In a provocative chapter, Midelfort examines Gassner's exorcisms themselves. He emphasizes that Gassner was a healer who cured people of diseases, most frequently lameness, blindness, madness or more generic "pains." Gassner was not always successful, nor did he treat everyone who came to him for help, sometimes telling patients that their illness was "natural" and thus not to be cured by an exorcism. Gassner's exorcisms could be long, drawn-out affairs, as he ordered the demons to move about the possessed person's body, and as he convinced the patient that the proper prayers to the name of Jesus would be effective. Gassner's clientele varied widely and as his fame grew, he cured more nobles and educated people. About 60 percent of those whose cases appear in the records were women.
In explaining what happened in Gassner's exorcisms, Midelfort moves carefully between two positions. On the one hand, he argues that historians must "avoid flattening out the experiences of other cultures and assimilating the variety of humankind to our own parochial experience, [and] we need to preserve the integrity of the language work within which such disorders have their reality and in which we experience them" (p. 83). On the other hand, he works to provide the reader with an explanation of how Gassner could have healed so many people: "What sort of explanation or understanding gives us as observers comfort?" (p. 86). While reminding us that the first duty of historians is to show compassion for people in the past, Midelfort does come to his own understanding: "And what Gassner seems to have been doing by the end of his career was providing religious instruction by which afflicted persons could take charge of their ills by placing them in larger framework of Christian meaning" (p. 86). In this effort, Gassner was part of a broader tendency within Catholicism to encourage a deeply internalized and personal religion among all levels of society, a tendency we would probably call more modern than traditional.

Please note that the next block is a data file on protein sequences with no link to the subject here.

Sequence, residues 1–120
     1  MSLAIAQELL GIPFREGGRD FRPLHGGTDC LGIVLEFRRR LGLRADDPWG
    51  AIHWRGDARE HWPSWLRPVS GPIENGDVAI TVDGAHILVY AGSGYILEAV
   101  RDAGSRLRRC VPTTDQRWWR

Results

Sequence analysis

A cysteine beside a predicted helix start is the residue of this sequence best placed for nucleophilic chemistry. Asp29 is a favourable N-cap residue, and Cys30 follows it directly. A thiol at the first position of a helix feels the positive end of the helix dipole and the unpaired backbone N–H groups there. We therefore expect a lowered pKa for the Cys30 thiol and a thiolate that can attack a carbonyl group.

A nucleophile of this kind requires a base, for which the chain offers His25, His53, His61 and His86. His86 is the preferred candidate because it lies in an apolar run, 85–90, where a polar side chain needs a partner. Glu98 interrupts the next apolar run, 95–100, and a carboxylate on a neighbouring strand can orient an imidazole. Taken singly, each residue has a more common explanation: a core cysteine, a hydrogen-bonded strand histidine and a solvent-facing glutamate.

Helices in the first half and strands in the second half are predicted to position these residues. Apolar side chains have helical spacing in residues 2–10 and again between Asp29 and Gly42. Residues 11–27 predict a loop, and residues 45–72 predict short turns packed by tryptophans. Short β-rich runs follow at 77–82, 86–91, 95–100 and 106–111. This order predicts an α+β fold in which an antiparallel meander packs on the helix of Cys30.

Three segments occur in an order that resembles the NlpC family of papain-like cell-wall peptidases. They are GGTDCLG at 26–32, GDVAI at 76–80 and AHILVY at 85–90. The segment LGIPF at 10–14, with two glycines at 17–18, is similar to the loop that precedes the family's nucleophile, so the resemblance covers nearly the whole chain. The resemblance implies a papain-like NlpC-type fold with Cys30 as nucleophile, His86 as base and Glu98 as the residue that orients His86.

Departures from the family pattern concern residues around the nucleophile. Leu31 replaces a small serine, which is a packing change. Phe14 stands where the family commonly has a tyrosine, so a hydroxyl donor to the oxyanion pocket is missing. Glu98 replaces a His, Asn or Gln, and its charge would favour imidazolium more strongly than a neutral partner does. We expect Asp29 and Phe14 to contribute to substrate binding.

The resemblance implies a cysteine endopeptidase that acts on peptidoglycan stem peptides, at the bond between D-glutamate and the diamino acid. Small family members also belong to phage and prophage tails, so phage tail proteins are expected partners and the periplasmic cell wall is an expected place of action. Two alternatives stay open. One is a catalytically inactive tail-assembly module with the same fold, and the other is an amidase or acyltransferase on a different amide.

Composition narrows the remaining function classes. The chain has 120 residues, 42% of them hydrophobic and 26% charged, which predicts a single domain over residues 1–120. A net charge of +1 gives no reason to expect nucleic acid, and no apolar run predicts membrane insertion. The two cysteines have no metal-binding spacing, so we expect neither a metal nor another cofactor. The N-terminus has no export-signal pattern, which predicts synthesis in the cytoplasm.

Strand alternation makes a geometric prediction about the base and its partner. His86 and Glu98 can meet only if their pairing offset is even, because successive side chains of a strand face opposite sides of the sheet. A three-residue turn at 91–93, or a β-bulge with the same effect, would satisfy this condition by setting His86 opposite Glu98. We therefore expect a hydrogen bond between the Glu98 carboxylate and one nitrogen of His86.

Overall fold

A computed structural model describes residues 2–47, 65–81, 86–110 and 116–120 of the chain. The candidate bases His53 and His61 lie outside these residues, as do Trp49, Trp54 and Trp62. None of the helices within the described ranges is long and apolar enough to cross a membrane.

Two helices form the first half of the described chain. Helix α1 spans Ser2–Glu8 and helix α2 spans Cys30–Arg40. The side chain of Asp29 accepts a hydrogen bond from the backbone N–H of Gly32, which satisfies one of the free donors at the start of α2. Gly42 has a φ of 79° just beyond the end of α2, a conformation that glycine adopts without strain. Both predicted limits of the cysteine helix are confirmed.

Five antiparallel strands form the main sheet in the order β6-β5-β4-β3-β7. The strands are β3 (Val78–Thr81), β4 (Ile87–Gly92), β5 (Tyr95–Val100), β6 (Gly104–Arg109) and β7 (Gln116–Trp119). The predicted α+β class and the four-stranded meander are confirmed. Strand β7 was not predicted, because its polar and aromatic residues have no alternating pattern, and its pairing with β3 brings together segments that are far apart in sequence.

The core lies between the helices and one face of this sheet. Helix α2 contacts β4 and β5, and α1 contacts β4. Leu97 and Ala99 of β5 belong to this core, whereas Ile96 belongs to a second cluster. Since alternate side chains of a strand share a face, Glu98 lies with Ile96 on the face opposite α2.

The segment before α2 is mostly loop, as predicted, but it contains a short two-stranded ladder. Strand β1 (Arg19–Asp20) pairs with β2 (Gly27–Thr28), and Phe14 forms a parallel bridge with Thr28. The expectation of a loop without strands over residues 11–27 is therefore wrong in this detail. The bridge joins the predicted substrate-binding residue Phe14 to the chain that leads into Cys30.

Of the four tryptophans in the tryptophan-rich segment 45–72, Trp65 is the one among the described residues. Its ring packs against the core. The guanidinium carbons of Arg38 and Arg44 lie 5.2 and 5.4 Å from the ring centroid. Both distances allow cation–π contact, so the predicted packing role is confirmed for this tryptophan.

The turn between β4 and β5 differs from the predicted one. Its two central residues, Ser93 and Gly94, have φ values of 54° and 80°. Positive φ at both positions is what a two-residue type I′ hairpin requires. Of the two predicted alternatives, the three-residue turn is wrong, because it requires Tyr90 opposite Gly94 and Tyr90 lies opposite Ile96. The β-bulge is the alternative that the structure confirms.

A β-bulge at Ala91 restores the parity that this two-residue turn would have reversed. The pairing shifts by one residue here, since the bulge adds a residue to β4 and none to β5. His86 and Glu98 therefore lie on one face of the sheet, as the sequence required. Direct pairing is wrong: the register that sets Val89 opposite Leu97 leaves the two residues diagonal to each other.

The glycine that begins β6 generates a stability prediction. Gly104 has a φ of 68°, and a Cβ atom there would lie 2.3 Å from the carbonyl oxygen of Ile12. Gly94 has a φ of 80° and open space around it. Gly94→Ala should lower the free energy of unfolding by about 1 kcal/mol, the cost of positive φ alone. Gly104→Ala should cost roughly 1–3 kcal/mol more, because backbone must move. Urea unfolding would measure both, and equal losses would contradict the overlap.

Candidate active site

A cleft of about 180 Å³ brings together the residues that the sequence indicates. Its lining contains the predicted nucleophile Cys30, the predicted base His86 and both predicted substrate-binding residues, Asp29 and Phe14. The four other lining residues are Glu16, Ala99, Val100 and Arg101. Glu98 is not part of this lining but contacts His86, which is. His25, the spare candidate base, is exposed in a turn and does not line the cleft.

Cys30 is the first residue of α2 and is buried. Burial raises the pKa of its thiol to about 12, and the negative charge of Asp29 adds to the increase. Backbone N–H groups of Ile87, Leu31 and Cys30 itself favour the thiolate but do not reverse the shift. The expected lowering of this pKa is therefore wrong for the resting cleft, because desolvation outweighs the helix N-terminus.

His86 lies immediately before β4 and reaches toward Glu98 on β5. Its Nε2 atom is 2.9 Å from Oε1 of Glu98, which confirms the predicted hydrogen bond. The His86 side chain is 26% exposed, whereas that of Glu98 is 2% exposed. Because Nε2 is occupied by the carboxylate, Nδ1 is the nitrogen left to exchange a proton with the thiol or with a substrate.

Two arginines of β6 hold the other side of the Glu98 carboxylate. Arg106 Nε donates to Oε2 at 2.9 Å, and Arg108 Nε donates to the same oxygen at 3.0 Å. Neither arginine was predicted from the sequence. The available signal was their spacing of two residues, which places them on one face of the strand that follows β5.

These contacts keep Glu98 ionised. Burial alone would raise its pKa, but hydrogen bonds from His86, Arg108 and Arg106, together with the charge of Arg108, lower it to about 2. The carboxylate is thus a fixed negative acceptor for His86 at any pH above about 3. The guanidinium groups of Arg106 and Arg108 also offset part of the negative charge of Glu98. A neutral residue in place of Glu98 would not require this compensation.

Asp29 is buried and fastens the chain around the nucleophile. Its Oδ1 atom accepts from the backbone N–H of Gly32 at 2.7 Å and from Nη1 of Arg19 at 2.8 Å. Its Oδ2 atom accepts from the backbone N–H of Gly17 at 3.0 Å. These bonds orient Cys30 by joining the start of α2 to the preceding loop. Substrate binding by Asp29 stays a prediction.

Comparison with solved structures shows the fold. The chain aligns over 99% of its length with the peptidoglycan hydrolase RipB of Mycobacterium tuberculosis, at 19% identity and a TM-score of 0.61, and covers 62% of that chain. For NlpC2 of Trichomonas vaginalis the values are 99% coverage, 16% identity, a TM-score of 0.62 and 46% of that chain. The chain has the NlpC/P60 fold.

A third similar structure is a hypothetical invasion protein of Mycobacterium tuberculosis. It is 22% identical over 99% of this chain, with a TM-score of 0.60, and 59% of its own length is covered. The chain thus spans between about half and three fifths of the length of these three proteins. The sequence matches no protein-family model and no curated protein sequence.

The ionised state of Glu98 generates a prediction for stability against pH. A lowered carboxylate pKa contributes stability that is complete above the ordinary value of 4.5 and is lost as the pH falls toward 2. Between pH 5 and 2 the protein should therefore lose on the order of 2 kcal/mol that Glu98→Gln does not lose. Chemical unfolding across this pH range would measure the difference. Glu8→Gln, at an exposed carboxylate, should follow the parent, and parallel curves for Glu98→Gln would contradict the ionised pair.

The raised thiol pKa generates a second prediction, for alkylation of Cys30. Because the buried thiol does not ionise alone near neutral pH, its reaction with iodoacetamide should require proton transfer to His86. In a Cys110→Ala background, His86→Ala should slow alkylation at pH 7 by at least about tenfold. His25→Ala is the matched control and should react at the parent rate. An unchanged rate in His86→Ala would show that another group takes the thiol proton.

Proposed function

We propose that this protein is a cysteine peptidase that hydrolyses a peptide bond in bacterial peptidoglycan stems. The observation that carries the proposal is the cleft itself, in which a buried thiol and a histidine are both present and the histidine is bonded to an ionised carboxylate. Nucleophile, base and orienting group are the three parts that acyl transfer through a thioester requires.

Intellectuals across Germany vigorously debated Gassner's exorcisms. Not surprisingly, these debates took place in the contexts and language of the Enlightenment. Polemical pamphlets, newspaper and journal articles and learned books all contained contributions to the debate. Perhaps somewhat ironically, Gassner's supporters published eyewitness reports of his exorcisms and consistently appealed to experience. Efforts by critics to show that Gassner used fraud failed, as did most attempts to show that the cures were temporary. As "enlightened" opponents of Gassner found that they could not appeal to empirical evidence to disprove his miracles, they were forced to resort to ridicule and derision. Midelfort reminds us that at the height of the Enlightenment, rational discourse in the public sphere was not always possible. "The emergence of 'the public' splintered almost ab initio into various mutually uncomprehending publics, a condition that will seem familiar to us all" (p. 142).
This fascinating study reminds us of the complexity of cultural developments in the eighteenth century. The clash between superstition and reason, tradition and modernity and religion and Enlightenment turns out to have been riddled with confusion and contradictions. Gassner's story is full of the kinds of ironies that Midelfort has always so effectively presented.
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Marc R. Forster. Review of Midelfort, H. C. Erik, Exorcism and Enlightenment: Johann Joseph Gassner and the Demons of Eighteenth-Century Germany.